Having an effective way to report defects should be a key part of your vehicle maintenance regime. It’s also a good way to make sure your drivers know which defects to look for. This could include locked emergency exits or missing break-glass hammers on buses and coaches.
It’s estimated that 85% of roadworthiness infringements could be avoided if the driver does a walkaround check before starting the journey. Operators are often called to public inquiries because drivers have missed defects during their walkaround checks, or in some cases haven’t done checks at all. If you audit your drivers regularly, you’ll know how well they’re keeping on top of this vital work.
Your drivers aren’t expected to be mechanics but their vehicles should be in a good roadworthy condition before they go out on the road. A reminder or re-education at toolbox talks, or on a one to one basis about the importance of walkaround checks could prevent a prohibition or further investigation.
You can share these walkaround checklists with your drivers, explaining what checks are required for trucks and buses.
Comment by Trevor posted on
There appears to be a large gap between the competency of many drivers carrying out walkround checks and that of the DVSA examiners (probably skilled or semi skilled mechanics specificallly trained by the DVSA) engaged on roadside checks. The DVSA may say that they don't expect drivers to be mechanics but the fact is that drivers need to check to the same standard or be liable to prosecution.
More detailed and relevant information is required. The driver CPC does not seem to have the necessary rigor.
Surely educating drivers and eliminating defects is a better option than prosecuting drivers for defects found present when the vehicle is in service? Safety is the issue, I hope.
Comment by Kevin lenaghan posted on
I am very concerned about vehicle safety and seemingly driver work and tacho hours.no maintaince staff on duty for large parts of the working week.vehicles being sent out with known defects.
Comment by Dan McCallion posted on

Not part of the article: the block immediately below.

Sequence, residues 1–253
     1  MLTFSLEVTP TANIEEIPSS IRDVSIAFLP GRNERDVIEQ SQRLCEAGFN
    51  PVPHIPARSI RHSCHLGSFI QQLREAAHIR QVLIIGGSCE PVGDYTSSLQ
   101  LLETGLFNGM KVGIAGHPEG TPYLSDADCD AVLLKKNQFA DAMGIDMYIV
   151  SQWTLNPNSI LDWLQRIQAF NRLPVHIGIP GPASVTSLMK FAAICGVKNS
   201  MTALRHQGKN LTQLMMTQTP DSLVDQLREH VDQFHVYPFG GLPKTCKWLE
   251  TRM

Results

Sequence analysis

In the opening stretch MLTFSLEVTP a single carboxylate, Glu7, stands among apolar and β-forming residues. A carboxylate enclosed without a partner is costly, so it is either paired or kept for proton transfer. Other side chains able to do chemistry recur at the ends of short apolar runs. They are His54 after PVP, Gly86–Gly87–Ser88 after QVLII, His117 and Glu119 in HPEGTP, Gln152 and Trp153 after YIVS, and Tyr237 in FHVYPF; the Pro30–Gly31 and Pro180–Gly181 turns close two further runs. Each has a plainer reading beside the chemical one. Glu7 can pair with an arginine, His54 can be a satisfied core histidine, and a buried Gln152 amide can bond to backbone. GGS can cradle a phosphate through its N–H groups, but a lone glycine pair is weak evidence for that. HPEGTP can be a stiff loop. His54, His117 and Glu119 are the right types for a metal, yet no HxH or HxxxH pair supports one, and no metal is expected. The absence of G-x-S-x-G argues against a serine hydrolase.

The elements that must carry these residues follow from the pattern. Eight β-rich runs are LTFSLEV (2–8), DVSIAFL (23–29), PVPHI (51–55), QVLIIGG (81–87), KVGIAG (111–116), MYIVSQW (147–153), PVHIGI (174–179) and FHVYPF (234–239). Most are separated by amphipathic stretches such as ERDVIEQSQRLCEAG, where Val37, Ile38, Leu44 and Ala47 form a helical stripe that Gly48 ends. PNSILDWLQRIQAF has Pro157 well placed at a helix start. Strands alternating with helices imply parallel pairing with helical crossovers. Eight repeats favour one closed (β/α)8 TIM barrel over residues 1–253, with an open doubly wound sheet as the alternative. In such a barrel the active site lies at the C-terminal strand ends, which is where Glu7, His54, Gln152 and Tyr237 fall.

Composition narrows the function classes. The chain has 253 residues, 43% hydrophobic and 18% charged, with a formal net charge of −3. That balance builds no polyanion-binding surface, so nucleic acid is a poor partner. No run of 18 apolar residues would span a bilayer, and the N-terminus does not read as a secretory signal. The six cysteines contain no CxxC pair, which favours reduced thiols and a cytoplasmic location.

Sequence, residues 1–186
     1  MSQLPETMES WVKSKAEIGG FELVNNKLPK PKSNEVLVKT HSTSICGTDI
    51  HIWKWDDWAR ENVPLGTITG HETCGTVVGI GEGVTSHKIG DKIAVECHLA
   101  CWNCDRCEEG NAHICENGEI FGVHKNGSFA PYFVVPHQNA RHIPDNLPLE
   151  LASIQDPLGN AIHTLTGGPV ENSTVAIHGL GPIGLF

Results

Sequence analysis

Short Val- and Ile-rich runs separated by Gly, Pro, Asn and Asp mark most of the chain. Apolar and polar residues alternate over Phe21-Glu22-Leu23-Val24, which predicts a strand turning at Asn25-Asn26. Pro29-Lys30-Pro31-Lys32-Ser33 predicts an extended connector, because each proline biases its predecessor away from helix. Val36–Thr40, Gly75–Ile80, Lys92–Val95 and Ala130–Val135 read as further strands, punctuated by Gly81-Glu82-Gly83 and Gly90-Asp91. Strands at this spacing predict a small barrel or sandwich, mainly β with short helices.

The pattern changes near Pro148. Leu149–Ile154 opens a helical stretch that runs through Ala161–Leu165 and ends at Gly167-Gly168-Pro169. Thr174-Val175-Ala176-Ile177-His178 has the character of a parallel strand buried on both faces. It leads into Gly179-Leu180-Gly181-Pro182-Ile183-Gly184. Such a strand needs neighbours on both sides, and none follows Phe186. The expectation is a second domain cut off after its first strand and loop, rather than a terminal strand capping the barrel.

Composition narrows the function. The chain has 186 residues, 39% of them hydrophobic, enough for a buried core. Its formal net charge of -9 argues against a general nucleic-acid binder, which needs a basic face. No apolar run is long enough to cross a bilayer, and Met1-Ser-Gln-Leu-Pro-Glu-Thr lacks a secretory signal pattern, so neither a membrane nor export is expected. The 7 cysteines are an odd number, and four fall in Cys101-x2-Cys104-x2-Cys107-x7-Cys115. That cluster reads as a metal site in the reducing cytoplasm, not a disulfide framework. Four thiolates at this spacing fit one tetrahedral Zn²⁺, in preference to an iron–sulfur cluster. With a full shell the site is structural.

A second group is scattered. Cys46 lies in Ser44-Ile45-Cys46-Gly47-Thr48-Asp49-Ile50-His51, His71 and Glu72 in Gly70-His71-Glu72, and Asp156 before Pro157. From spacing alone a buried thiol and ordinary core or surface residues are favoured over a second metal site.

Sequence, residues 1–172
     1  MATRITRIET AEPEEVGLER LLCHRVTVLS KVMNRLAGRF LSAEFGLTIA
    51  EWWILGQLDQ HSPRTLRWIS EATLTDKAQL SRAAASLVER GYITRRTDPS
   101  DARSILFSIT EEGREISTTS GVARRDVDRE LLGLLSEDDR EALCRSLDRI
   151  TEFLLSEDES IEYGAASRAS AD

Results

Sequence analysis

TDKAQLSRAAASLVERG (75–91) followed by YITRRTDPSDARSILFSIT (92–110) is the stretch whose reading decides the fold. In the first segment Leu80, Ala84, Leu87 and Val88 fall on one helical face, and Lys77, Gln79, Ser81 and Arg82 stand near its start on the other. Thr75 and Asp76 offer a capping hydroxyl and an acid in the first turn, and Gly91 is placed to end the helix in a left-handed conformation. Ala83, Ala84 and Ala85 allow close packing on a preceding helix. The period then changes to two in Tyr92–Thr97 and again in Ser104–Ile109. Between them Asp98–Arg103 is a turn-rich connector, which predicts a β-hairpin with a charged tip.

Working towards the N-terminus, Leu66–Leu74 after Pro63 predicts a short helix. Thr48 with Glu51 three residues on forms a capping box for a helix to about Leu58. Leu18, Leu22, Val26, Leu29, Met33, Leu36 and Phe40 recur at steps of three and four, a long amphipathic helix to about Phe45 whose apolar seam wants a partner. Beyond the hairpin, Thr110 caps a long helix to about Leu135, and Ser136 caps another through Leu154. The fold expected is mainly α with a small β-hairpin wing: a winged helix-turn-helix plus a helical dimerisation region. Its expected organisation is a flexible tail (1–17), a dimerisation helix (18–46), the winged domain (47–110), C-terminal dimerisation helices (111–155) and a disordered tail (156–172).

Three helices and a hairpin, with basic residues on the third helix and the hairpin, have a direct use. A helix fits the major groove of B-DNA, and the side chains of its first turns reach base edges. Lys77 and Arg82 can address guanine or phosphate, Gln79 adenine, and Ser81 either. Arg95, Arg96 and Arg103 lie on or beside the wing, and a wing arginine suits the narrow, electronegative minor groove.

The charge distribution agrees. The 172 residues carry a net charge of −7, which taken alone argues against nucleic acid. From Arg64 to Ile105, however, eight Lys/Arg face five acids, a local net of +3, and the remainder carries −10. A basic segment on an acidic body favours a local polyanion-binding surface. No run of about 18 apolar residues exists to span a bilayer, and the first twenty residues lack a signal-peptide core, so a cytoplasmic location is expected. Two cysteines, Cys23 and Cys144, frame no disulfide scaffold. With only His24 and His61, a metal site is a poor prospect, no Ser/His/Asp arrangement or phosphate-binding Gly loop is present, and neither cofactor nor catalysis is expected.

The importance of Transport Compliance Audits should never be overlooked. Along with regular driver engagement and spot checks there is no excuse for allowing a defective vehicle on the road. Drivers and Operators all have their part to play. I agree with some of the other comment's that it should not become a tick box exercise, and operators should provide speedy resolution to all defects to promote good reporting from the driver workforce.
Comment by Lee Ford posted on
Unfortuately the same goes for some drivers who believe it is just a paperwork excercise. Ive known drivers complete a daily walkaround sheet whilst sat in the cab. I think the most important thing as an employer is to show that reported defects are dealt with promptly or you do run the risk of drivers believing that it is just a box ticking excercise.
Comment by Alvin posted on
What can be done if you are working for a bus company and most of the fleet of buses have defect and should not be on the road much less being in service carrying passengers! Who and how can a driver report it without being name or loosing his/her job?
Comment by seanmccabe posted on
If you are concerned about the safety of a vehicle, you can report it to the DVSA at the following link https://www.gov.uk/vehicle-recalls-and-faults/report-a-serious-safety-defect
Hope ths helps.
Comment by J Maybury posted on
Alvin - your company are not allowed to sack you for things like this! They should also have a "Whistleblowing" policy which will protect your rights. See https://www.gov.uk/whistleblowing/what-is-a-whistleblower
Comment by Kevin Longland posted on
System works well,only if your company take note of your defect reports.with some large transport company's it appears to be a paper work exercise.